Primary biliary cirrhosis (PBC) is a chronic autoimmune cholestatic liver disease most commonly encountered in postmenopausal women; it is characterized by high-titer serum autoantibodies to mitochondrial antigens, elevated serum IgM, progressive destruction of intrahepatic bile ducts, and ultimately liver cirrhosis and failure. The cytopathic mechanisms leading to the selective destruction of intrahepatic cholangiocytes are still largely unknown. The current theory on the pathogenesis of PBC indicated that environmental factors might trigger autoimmunity in genetically susceptible individuals. In fact, genetic predisposition is crit. to disease onset and progression, yet peculiar among autoimmune diseases, as indicated by the lack of a strong assocn. with major histocompatibility complex haplotypes. Further, the recently reported concordance rate among monozygotic twins strenghtens the importance of genetic factors, while also indicating that addnl. factors, possibly infectious agents or xenobiotics, intervene to trigger the disease. In this review, the available data regarding the genetic factors assocd. with PBC susceptibility and progression, as well as the available evidence regarding the immunomediated pathogenesis of PBC, will be critically illustrated and discussed.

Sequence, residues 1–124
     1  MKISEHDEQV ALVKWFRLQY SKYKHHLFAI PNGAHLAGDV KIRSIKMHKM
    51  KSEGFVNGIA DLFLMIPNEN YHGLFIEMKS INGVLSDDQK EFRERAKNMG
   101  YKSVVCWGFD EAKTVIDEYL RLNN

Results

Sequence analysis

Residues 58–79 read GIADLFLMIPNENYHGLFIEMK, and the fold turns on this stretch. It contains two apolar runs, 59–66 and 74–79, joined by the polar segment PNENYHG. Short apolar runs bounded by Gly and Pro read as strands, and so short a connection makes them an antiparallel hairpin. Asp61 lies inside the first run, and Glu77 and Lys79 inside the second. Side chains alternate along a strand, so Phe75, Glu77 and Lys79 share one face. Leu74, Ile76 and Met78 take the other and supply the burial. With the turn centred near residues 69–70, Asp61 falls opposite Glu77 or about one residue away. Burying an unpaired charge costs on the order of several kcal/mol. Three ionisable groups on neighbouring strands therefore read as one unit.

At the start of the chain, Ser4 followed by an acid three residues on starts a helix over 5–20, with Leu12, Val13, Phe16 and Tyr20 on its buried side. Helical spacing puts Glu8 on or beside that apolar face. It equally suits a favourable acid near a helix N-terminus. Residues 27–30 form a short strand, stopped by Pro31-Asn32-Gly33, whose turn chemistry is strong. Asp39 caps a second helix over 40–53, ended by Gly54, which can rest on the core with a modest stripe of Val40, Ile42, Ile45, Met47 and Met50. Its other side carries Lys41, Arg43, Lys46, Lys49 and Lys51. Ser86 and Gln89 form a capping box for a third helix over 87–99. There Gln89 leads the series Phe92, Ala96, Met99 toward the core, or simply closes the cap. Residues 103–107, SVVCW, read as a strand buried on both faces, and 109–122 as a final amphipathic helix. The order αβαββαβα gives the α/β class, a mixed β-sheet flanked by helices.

|Titolo:||Genes and (auto)immunity in primary biliary cirrhosis|
|Parole Chiave:||autoimmune cholangitis ; complex disease ; association study ; environmental factors ; pathogenesis|
|Settore Scientifico Disciplinare:||Settore MED/09 - Medicina Interna|
|Data di pubblicazione:||ott-2005|
|Digital Object Identifier (DOI):||10.1038/sj.gene.6364248|
|Appare nelle tipologie:||01 - Articolo su periodico|